Suddenly, from the middle of the lake, a man crested and soared high out of the water and turned a graceful arc in the air before arching backward and falling through the mist, diving soundlessly into the water.

Macy gasped. The deer fled. She leaped to her feet and spilt what little was left of her tea. What the hell was that? An Olympic water-polo player couldn’t get that kind of air. Immobilized, she kept her eyes glued to the place she had seen the man dive back into the water. It seemed to take forever. Did she just imagine it? Then again!

This time he came corkscrewing out of the water and shot up out of the lake with the mist trailing behind him. He whooped as he spun up and around, and Macy inhaled sharply, clasping her hand over her mouth as he disappeared under the water. Almost instantly he rose out of the mist. She stood very still. He turned slowly until he faced her, then began moving toward the shore. He had spotted her.

She started to back up, stumbled over a rock, and dropped her mug.

He appeared to be gliding on top of the water, picking up speed. Turning, Macy ran as fast as she could and fled for the tree line. Her heart pounded, and sudden fear twisted in her stomach. It was obvious he hadn’t expected a witness.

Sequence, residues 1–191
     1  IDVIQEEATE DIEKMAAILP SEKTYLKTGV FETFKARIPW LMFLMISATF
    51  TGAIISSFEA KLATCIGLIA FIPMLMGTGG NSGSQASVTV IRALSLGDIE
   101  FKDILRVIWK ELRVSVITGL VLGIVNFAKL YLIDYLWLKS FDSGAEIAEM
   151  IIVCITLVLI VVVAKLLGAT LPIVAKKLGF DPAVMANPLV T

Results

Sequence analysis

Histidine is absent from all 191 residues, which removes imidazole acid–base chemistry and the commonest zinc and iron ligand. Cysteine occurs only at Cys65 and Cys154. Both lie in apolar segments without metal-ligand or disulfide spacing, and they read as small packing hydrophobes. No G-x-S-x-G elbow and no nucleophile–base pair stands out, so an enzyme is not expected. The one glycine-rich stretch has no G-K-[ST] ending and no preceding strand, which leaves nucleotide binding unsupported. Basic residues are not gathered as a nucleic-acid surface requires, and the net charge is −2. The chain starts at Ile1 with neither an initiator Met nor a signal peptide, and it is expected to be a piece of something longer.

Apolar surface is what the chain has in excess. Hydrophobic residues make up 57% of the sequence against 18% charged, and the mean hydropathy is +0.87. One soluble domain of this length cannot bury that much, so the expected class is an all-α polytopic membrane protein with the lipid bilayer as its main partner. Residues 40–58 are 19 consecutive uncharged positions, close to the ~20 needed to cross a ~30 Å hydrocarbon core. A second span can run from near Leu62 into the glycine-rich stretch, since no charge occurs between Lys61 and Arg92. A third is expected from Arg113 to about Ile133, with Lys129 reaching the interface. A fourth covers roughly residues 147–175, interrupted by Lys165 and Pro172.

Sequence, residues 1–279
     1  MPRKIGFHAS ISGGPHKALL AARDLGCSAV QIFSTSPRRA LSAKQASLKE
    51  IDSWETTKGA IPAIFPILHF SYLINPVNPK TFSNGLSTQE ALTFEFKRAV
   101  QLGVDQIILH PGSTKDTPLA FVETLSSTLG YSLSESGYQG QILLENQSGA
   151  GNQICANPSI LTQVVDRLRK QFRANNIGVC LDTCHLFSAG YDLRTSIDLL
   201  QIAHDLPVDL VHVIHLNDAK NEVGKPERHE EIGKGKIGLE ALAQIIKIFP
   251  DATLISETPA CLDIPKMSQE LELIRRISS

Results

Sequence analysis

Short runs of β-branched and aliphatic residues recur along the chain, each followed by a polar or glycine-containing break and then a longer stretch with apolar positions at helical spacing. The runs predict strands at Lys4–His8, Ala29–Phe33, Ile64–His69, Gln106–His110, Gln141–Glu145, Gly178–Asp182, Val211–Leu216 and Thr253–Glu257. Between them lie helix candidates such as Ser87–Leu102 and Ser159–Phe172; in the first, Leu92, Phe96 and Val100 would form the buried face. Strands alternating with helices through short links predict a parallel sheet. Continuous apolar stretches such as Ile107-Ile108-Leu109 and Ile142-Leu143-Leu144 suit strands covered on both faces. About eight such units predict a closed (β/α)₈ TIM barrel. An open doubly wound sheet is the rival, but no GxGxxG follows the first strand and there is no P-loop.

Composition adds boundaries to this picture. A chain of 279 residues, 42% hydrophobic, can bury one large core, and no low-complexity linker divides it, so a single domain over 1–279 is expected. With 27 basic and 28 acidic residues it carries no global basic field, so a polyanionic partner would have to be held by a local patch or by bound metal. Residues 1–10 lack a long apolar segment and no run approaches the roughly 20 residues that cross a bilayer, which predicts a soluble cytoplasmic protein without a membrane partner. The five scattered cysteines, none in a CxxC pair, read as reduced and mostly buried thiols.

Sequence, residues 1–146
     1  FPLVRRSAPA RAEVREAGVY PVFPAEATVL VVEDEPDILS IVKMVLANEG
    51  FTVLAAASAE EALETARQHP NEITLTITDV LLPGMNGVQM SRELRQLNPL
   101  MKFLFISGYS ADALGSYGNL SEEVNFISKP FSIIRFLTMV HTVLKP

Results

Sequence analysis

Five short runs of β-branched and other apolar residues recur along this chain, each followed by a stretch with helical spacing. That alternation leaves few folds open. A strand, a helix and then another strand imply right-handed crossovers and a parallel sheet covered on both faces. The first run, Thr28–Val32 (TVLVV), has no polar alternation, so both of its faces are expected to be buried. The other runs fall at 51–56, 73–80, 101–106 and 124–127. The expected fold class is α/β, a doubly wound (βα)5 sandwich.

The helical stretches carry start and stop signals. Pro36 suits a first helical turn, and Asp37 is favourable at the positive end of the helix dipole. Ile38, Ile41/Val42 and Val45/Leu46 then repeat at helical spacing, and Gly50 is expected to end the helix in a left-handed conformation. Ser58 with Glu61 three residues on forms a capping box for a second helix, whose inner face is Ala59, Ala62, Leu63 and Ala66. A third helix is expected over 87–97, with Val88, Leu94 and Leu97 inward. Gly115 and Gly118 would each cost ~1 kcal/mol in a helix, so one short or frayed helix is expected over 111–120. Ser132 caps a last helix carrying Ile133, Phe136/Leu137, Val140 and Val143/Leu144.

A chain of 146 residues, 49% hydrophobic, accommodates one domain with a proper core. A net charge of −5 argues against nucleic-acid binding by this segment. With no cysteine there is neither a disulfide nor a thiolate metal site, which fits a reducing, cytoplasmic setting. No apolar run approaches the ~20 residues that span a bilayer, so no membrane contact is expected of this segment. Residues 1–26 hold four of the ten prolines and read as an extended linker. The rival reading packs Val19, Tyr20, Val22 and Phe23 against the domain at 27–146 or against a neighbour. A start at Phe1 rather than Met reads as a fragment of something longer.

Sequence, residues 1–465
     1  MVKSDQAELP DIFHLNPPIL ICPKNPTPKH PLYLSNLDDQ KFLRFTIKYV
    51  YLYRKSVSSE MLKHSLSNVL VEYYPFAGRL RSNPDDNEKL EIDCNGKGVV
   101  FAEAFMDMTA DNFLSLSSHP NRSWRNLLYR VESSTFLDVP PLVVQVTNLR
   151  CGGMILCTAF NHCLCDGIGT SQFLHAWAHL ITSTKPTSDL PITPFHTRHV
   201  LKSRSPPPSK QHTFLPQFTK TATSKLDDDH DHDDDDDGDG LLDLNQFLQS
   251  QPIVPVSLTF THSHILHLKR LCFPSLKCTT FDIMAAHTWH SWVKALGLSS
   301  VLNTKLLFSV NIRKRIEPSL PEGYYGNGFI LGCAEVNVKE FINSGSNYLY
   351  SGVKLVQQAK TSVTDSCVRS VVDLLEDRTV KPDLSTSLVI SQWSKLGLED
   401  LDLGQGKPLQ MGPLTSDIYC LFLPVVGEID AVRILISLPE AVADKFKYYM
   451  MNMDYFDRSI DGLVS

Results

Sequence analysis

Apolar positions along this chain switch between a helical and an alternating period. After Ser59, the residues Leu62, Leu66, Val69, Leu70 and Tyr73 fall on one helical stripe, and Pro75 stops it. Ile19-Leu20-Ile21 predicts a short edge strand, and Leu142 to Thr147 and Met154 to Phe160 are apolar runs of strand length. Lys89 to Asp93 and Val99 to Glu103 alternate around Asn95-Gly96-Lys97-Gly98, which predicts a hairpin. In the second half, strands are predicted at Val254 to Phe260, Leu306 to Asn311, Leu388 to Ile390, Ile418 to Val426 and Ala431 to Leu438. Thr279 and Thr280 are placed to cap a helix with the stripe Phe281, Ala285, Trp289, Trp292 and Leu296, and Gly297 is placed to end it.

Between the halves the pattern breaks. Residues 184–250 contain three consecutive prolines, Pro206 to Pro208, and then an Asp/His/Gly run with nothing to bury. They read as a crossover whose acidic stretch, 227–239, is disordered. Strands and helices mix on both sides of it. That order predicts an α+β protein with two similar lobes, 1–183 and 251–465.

Macy hit the trees, scrambling through them. Her heart convulsed sickeningly. She didn’t dare look back. The forest grew a little denser as she made her way deeper into the woods. Her pursuer was already crashing around below her in the tree line. He had reached the shore very quickly, and she couldn’t outrun him. Macy passed a low bush behind a fallen tree. It concealed a hollow, and she wedged herself in the corner. She hunkered down as low to the ground as possible and listened. She heard wind rustling through the trees and the disturbances that little lizards make flitting through the undergrowth. Soon the sound of the man tramping through the woods faded.

Macy emerged from her hiding spot and looked around shakily.

Connect with the Author

Genevieve Fairbrother lives in Atlanta with her husband and two teenagers. She attended Wellesley.

Website & Blog: www.genevievefairbrother.com

Facebook: https://www.facebook.com/pages/Eleusis/242435805893260?ref=hl

Goodreads: http://www.goodreads.com/author/show/6941372.Genevieve_Fairbrother

Twitter:@FairbrotherGen